New Jersey Treasury Department hired Ernst & Young Infrastructure Advisors to examine the possibility of using certain state assets to help finance the $74.9 billion New Jersey Pension Fund, Trenton.
Ernst & Young was chosen from among eight candidates who responded to a request for qualifications issued by the department in February, according to a notice posted on the department's website.
The firm will help the department determine whether state assets — such as roads, airports and transit facilities — can provide similar assistance to the pension fund as was the case with the state lottery. In July 2017, then-Gov. Chris Christie signed a law making the lottery a pension fund asset and providing about $1 billion a year for the pension fund through lottery revenue.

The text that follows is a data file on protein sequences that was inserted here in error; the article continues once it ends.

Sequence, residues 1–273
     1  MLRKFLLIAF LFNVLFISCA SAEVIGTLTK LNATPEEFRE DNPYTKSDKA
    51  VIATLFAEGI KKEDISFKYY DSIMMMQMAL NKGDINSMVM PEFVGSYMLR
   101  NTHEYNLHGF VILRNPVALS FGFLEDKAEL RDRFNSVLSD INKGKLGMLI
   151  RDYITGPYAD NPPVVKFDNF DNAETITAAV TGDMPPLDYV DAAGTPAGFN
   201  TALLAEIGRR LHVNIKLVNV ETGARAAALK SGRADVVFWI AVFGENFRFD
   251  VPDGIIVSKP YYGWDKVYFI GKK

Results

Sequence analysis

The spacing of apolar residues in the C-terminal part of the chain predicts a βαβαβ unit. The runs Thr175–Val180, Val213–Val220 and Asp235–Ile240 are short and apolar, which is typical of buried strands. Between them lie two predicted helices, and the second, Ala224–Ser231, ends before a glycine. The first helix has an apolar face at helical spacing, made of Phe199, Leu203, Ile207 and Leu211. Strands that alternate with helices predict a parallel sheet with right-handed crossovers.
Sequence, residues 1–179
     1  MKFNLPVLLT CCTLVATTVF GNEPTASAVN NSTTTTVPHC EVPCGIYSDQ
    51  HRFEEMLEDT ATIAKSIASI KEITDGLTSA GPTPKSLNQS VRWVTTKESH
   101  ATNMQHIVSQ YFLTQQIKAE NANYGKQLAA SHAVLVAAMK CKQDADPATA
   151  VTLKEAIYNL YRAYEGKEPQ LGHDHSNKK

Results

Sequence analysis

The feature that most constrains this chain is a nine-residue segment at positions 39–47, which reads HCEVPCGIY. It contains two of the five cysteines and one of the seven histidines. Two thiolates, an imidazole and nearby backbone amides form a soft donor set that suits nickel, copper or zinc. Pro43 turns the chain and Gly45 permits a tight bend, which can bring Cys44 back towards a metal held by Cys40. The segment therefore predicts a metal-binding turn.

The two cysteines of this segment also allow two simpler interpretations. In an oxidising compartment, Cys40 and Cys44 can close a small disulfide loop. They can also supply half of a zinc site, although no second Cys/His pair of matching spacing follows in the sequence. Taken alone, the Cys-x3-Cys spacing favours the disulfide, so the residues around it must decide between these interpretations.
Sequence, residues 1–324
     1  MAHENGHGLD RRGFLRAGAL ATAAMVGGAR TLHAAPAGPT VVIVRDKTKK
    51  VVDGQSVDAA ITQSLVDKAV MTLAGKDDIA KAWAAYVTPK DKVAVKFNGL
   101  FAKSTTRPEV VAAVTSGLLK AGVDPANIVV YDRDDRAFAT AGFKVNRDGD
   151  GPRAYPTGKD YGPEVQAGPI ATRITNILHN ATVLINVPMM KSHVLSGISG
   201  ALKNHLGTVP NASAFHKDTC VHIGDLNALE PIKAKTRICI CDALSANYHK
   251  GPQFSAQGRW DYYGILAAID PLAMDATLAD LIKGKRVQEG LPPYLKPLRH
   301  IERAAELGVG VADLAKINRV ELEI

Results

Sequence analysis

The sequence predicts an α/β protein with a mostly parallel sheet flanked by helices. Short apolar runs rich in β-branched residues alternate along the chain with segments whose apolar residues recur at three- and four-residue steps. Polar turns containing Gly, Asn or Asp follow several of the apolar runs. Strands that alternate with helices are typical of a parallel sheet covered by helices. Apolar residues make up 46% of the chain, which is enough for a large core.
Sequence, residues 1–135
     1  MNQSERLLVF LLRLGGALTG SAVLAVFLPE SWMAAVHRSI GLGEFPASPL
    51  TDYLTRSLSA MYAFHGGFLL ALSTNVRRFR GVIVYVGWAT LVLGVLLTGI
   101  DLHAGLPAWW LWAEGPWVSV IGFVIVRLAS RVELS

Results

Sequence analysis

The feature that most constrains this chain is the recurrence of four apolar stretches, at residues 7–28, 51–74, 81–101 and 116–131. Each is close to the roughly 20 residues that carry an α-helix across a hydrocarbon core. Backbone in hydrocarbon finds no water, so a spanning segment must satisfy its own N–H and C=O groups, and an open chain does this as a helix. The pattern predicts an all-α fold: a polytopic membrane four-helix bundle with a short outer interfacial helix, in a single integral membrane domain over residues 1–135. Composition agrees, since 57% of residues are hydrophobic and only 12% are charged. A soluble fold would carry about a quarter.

The RFQ requested that the advisory firm determine whether these and other assets could also be used to help finance state health-care obligations and/or help pay down economic development bonds or the pension bonds that were issued 22 years ago.
According to the RFQ, assets under review could include "real property, buildings, roads or other improvements, transit facilities, rights of way, air rights or other development rights, naming rights, and infrastructure such as airports, bridges, water facilities, ports, parks and recreational facilities."
The RFQ calls for a three-step process, the first of which is an asset/liability study, which is due May 15. The second phase "will consist of a more detailed analysis and structuring of some or all of the options" that are identified in the first phase, the RFQ said. This review will take 90 days, assuming the state decides to proceed, the RFQ said.
For the third phase, Ernst & Young will help the state complete the asset transfer, assisting the state in preparing RFPs for firms to conduct the transfers and in evaluating RFP responses.